Hair dryers are one of the most frequently used products in both the home and the beauty salon. Because few people want to go outside with the "wet head" look, the hair must be dry before styling can begin. However, just because hair dryers are popular and convenient doesn't mean they can't do any damage.
Weathering of the hair takes place gradually over time, regardless of what products are used. Weathering is where the cuticle of the hair shaft begins wearing away, exposing the cortex and causing the shaft to break. While hair is fairly resilient, heat treatments such as from a hair dryer can cause this process to speed up, meaning damaged and broken hair can result much more quickly.
It may not seem like it, but hair dryers are actually right on the borderline when it comes to decibel levels that can damage your hearing. Sounds right around 70 decibels include a lawn mower, vacuum cleaners and hair dryers. Hair dryers are worse in some ways because they are used so often and the sound is so close to the ears.
Hair dryers have been known to reach up to 225 degrees when turned on to the highest setting. For this reason, they can easily cause burns to the skin when touching exposed parts of the neck and scalp. It's important to keep hair dryers out of the reach of children while the hair dryers are hot.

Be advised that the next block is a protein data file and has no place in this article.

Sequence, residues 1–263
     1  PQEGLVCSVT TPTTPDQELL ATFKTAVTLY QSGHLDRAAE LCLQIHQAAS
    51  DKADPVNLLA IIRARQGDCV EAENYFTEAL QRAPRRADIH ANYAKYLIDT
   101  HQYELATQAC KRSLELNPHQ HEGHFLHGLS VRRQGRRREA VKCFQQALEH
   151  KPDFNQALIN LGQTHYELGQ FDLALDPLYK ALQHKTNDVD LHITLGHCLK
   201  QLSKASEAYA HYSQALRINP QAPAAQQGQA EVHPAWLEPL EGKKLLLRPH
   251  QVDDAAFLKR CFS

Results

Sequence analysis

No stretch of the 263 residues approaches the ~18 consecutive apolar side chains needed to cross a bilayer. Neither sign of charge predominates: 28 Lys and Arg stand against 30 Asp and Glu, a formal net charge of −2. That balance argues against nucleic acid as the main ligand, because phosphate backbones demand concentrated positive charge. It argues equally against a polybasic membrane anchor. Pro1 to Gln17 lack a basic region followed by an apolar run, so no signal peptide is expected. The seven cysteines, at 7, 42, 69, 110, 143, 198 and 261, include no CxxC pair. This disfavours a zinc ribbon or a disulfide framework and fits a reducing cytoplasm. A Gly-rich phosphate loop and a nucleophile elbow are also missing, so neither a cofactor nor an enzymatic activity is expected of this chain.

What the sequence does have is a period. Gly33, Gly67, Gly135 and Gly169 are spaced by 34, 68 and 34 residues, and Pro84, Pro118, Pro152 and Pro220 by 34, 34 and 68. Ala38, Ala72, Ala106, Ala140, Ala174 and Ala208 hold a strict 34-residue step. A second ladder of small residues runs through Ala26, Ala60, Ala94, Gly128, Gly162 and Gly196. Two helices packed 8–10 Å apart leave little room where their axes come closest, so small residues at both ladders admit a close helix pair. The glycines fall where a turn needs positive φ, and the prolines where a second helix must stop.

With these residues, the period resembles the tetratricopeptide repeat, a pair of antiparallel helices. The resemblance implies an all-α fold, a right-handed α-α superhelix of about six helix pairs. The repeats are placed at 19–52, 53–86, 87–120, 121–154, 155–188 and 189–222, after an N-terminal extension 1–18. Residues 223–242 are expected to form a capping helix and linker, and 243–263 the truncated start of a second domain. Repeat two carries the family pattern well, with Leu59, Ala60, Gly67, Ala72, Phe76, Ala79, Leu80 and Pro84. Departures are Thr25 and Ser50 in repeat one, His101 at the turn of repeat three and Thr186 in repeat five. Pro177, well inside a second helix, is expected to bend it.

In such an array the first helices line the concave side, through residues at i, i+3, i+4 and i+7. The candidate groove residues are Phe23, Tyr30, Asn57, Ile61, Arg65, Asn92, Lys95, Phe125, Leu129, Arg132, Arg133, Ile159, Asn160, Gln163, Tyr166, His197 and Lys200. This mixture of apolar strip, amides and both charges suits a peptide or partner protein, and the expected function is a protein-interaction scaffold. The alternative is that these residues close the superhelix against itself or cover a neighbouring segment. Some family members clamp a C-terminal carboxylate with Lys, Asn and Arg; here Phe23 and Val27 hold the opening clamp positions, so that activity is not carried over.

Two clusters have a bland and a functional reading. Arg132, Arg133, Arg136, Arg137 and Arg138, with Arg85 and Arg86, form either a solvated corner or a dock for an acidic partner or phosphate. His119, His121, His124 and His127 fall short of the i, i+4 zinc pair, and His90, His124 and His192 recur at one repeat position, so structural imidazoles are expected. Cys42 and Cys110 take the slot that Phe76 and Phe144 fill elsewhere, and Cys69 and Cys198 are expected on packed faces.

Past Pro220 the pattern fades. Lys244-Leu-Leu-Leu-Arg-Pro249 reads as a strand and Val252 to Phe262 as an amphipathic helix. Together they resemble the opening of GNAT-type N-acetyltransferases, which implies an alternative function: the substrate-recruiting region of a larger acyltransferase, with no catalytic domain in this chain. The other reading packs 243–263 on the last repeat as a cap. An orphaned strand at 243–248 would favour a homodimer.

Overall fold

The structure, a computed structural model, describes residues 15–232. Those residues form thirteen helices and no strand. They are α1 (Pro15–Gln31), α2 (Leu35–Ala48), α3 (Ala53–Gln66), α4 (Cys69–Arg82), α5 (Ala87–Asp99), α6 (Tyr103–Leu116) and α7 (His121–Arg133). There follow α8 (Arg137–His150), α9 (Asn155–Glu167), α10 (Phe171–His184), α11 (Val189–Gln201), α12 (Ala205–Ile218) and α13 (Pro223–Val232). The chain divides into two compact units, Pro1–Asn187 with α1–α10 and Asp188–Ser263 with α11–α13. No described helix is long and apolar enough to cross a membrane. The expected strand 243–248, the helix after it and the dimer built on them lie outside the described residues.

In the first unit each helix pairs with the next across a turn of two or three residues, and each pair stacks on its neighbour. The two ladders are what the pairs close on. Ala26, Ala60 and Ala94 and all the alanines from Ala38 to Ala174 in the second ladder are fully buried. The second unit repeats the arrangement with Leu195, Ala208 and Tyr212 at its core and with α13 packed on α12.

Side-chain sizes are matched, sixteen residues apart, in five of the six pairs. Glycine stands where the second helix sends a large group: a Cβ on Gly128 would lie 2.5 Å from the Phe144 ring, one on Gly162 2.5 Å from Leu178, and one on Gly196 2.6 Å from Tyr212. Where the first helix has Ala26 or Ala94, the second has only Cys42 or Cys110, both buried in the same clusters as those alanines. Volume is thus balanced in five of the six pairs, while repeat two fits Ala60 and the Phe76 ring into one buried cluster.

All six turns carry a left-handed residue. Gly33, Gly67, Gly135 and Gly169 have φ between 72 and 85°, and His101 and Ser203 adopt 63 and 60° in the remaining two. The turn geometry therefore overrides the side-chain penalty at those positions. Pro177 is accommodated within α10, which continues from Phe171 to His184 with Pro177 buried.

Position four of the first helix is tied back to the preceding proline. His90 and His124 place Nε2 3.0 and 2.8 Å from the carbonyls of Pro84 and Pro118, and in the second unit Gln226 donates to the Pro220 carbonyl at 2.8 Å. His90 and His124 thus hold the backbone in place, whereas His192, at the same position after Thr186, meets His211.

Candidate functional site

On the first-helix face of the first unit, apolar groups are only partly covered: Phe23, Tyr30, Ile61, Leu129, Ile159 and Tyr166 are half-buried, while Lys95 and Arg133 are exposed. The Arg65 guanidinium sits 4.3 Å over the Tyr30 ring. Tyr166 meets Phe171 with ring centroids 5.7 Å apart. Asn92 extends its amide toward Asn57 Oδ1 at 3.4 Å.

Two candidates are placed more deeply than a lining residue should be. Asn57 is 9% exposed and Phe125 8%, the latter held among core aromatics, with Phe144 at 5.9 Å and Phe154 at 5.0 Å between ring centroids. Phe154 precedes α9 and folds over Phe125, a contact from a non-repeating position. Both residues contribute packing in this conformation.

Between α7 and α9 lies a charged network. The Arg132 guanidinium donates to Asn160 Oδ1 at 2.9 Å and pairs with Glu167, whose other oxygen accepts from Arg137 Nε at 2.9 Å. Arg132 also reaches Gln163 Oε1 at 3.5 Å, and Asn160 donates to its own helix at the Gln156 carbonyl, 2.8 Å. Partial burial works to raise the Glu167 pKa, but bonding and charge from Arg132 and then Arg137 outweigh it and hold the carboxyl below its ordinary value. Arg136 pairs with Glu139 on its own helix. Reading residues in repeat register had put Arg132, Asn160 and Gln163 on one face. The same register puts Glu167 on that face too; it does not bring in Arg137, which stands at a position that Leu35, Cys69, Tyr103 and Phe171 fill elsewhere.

Users should concentrate on protecting their hair from excessive heat damage by letting their hair dry a bit before applying the hair dryer. Use a towel and air dry for a while, only using the blow dryer when the hair is damp, not soaking. Hold the hair dryer away from the hair to both prevent direct heat damage and spare your hearing. This will also cut down on accidental contact burns.
Those who use the hair dryer on a daily basis should use special conditioners that are heat activated and designed to be left in the air. Special medicated shampoos are also sold that can moisturize hair and cut down on some of the weathering effects of consistent heat damage.